The Matthew Test: 15 Steps to Better Embedded Software (and Firmware)

Many years ago, I helped drive the selection of a shiny new case and bug tracking system for our embedded software team at Toshiba. During that process I discovered Joel Spolsky, founder of Fog Creek Software. We ultimately selected FogBugz and thus began my exposure to Joel’s world-class software development advice, including his famous “The Joel Test” post.

In “The Joel Test“, he lays out a set of questions to help a team assess their software development practices. Inspired by Joel’s legendary post, I hereby introduce:

“The Matthew Test: 15 Steps to Better Embedded Software (and Firmware).”

The Questions

Tally a point for each “yes” answer. Add up the points to rank the organization.

  1. Do you use source control?
  2. Can you build, deploy to the target, and execute the code in one step?
  3. Can you create release images in one step?
  4. Do you use continuous integration?
  5. Do you track development tasks and bugs using a modern system?
  6. Does the product have reasonably complete specifications?
  7. Do the hardware and software teams regularly collaborate?
  8. Do engineers have quiet working conditions?
  9. Does the team perform design and architecture tasks before coding?
  10. Is Test Driven Development encouraged?
  11. Do you use the best tools money can buy?
  12. Are future coworkers vetted appropriately?
  13. Is the schedule realistic and updated?
  14. Does the software undergo peer review regularly?
  15. Is there a dedicated quality assurance team?


  • Excellent: 12-15 points
    • This embedded software organization is in the top-tier, consistently delivering quality software. Prepare continuous improvement plans targeting the full 15 points.
  • Good: 8-11 points
    • Your team is on track. Keep it up and pick the next step to improve upon.
  • Lucky: 4-7 points
    • This team may be successful in the short term but probably runs on a great deal of luck, sweat, and perseverance.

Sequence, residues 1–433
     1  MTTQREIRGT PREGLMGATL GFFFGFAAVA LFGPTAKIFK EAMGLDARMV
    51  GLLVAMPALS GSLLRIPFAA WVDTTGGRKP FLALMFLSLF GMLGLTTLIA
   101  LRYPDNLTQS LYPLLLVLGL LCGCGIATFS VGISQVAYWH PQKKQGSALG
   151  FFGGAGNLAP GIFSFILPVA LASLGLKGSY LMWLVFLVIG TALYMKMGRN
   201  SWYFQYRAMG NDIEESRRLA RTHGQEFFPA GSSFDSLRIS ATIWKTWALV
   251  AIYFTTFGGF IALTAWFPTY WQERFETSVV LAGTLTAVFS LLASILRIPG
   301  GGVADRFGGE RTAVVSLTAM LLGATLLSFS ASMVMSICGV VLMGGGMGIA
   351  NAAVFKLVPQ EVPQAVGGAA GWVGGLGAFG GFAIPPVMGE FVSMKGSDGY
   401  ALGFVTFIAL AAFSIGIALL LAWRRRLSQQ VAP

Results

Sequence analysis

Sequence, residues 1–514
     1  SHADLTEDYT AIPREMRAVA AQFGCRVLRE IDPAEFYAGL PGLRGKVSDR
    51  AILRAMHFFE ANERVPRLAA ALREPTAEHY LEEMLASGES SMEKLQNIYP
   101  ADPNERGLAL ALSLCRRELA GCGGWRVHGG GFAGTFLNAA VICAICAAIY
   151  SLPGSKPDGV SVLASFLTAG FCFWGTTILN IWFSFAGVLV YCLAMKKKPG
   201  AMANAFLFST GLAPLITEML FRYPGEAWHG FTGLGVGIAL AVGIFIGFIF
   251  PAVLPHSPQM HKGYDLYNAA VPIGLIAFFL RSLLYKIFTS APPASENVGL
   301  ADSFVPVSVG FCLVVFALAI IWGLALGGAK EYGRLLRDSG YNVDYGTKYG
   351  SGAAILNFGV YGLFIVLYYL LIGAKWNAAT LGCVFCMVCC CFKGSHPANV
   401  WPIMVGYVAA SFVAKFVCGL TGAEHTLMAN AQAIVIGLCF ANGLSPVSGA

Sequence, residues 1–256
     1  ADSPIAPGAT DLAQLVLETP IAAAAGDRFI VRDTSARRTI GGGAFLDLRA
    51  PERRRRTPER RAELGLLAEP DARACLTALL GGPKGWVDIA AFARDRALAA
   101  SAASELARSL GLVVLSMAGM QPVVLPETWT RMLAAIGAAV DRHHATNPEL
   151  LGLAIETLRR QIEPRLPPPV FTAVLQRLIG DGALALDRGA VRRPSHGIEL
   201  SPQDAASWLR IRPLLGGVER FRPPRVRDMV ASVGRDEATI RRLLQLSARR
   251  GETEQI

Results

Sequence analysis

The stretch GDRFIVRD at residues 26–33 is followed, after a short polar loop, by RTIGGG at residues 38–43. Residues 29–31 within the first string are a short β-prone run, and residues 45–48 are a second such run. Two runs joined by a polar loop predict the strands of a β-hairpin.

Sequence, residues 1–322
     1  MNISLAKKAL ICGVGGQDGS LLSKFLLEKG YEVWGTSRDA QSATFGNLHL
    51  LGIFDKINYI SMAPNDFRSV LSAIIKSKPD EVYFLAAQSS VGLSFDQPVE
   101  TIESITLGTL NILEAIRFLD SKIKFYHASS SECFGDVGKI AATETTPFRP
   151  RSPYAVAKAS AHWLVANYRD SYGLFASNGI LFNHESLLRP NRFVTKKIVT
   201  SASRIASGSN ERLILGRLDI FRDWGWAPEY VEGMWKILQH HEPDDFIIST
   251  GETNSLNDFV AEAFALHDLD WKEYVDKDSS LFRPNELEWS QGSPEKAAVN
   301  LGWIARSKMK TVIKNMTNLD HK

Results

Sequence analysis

• Ouch: 0-3 points
    • This organization needs serious short- and long-term guidance on improving their software development practices.

Description and Details

1. Do you use source control?

Twenty years ago, Joel highlighted this critical software development tool and associated best practice. It seems odd to include this question in an updated list, and yet I am aware of multiple firmware projects where code is being developed with a process centered around “copy and paste the folder.” If your firmware project is not using a modern revision control system, then please learn about ‘git‘, ‘hg‘, ‘perforce‘, or ‘svn.’ Afterwards invest in github, or bitbucket, or any of the many hosted services out there. If the project is classified or the company prohibits “cloud” based services, then consider internal hosting capabilities. No excuses just do it!

For additional reasoning, see the Stack Overflow discussion: “Why should I use version control?”

My recommendation: git combined with GitFlow.

2. Can you build, deploy to the target, and execute the code in one step?

The lifeblood of a firmware engineer is the process of building a firmware image, deploying the image, and executing on the development target hardware. These steps might be executed hundreds of times a day. Therefore, the process must be reliable and efficient. Embedded software engineering teams should regularly invest time into improving this process with the ideal end-goal of reducing the steps to a single mouse-click or makefile command. Modern IDEs such as Eclipse, CLion, and Qt Creator all include the necessary functionality to enable this goal.